- Who did James Busby stay with while his house was being built?
- Who signed the Treaty of Waitangi?
- When did Colonisation start in New Zealand?
- Who were the first settlers in New Zealand?
- Why did James Busby lose his job?
- Who was James Busby and what did he do?
- Who wrote the Declaration of Independence NZ?
- Does the queen own New Zealand?
- What if New Zealand was never colonized?
- Who was the first British Resident in Aotearoa?
- Is New Zealand under British rule?
- Why did William Hobson want the treaty?
- Does England own Australia?
- What tribes did not sign treaties?
- What is the Maori name for the Declaration of Independence?
- What was New Zealand called before?
- Why were the British attracted to New Zealand?
- How many chiefs signed the Declaration of Independence NZ?
Who did James Busby stay with while his house was being built?
Agnes BusbyAgnes Busby joined him the following year and they settled at Waitangi, where Busby erected a two-roomed residence..
Who signed the Treaty of Waitangi?
There were two versions of the Treaty. One was in Māori, the other was written in English. William Hobson signed for Queen Victoria, the Queen of England. He signed the English and Māori versions.
When did Colonisation start in New Zealand?
December 1642First contacts. By the time the first Europeans arrived, Māori had settled the land, every corner of which came within the interest and influence of a tribal (iwi) or sub-tribal (hapū) grouping. Abel Tasman was the first of the European explorers known to have reached New Zealand, in December 1642.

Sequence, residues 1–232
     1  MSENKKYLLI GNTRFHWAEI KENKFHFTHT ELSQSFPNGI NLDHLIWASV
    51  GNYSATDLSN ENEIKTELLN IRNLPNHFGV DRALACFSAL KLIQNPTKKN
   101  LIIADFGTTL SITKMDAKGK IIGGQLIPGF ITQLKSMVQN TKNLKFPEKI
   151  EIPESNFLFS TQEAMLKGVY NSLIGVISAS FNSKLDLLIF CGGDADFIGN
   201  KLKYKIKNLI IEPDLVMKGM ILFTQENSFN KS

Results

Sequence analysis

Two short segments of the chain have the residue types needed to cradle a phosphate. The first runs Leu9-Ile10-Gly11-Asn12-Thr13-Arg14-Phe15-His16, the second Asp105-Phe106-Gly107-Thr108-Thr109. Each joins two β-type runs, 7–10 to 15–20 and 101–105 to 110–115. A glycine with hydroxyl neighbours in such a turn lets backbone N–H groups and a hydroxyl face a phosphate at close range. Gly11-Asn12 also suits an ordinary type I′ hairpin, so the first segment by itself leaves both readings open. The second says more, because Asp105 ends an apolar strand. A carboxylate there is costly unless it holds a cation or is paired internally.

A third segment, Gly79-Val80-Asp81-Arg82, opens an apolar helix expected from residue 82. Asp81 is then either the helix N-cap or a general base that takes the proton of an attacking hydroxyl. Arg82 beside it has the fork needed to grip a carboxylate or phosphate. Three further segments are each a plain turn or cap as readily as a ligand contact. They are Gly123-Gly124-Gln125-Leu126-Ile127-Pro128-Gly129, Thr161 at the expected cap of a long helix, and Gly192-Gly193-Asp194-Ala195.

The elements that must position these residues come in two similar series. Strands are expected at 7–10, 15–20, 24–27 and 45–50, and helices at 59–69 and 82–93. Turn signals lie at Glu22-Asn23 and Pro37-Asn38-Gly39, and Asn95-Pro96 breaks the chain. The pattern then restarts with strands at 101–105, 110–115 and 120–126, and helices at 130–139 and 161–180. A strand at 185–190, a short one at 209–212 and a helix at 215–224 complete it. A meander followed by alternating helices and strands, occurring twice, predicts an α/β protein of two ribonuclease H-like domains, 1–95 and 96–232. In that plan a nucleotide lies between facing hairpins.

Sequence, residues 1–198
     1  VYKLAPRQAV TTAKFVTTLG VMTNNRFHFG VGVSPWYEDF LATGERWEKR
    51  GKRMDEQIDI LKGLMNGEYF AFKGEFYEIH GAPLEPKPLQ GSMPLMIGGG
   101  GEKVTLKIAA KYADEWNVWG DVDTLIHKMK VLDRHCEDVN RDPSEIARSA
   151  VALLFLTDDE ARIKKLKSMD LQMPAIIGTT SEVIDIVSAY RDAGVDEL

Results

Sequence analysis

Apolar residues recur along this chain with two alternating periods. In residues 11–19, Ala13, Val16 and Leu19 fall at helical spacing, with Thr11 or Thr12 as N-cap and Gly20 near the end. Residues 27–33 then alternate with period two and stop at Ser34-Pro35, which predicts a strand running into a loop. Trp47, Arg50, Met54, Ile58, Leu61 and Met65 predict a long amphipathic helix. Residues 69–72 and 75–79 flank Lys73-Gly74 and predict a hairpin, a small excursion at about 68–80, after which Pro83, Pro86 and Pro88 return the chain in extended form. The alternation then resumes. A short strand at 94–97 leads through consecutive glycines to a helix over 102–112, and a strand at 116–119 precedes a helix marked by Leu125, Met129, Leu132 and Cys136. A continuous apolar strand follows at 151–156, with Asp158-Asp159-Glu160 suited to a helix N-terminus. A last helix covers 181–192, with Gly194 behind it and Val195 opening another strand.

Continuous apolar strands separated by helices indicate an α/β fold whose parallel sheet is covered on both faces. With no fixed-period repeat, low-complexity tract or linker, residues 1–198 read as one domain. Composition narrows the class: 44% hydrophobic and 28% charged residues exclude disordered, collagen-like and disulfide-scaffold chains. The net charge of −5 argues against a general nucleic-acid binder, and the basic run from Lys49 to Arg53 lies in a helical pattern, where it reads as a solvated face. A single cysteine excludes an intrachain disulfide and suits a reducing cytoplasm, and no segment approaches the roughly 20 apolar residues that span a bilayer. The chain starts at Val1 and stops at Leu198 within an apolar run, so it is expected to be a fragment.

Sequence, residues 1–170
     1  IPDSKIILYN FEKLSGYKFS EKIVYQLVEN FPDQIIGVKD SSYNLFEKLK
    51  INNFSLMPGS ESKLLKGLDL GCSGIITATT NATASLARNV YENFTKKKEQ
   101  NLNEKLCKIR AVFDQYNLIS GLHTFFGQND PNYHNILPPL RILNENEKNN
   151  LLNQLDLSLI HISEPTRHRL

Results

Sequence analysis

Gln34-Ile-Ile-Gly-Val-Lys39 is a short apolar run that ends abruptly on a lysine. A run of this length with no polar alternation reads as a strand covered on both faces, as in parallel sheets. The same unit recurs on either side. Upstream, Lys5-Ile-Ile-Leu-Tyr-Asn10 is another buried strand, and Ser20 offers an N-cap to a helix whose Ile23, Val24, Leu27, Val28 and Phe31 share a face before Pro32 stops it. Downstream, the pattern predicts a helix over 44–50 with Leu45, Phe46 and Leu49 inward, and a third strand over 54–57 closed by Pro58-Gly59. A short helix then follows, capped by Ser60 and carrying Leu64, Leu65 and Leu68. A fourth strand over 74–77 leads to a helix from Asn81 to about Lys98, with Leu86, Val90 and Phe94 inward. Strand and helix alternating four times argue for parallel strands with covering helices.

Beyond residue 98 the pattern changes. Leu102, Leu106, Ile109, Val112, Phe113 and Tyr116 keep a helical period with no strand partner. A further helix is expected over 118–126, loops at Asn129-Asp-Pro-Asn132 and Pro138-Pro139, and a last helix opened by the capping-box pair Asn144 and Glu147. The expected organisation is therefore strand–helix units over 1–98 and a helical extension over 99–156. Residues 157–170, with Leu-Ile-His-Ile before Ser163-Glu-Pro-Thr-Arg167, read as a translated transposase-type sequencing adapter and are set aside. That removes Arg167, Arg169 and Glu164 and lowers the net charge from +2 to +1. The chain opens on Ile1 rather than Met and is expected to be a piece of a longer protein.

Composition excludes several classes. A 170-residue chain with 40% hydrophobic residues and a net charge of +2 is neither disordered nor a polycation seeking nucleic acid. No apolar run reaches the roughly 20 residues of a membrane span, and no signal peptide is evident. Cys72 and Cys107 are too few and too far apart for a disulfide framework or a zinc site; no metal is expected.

Who were the first settlers in New Zealand?
Māori settlement The first people to arrive in New Zealand were ancestors of the Māori. The first settlers probably arrived from Polynesia between 1200 and 1300 AD. They discovered New Zealand as they explored the Pacific, navigating by the ocean currents, winds and stars.
Why did James Busby lose his job?
He declined an offer for a position in the new colonial government, and instead focused on farming interests, but became entangled in litigation over his own land titles: the New Zealand Banking Company seized his Waitangi property without giving Busby’s debtors an opportunity to pay what they owed, and Governor Grey …
Who was James Busby and what did he do?
Busby also has a claim to fame as our first winemaker. He trained in Europe as a viticulturalist, and brought a collection of grapevines that helped to found the Australian wine industry. In the late 1830s he established a vineyard at Waitangi.
Who wrote the Declaration of Independence NZ?
James BusbyIn 1834, a document known as the Declaration of the Independence of New Zealand was drafted by 34 northern Māori chiefs — including Tāmati Wāka Nene, Tītore and Bay of Islands brothers; Te Wharerahi, Rewa, and Moka Te Kainga-mataa — together with James Busby, the official British Resident in New Zealand.
Does the queen own New Zealand?
New Zealand is a constitutional monarchy with The Queen as Sovereign. The Sovereign and the House of Representatives together make up the Parliament of New Zealand.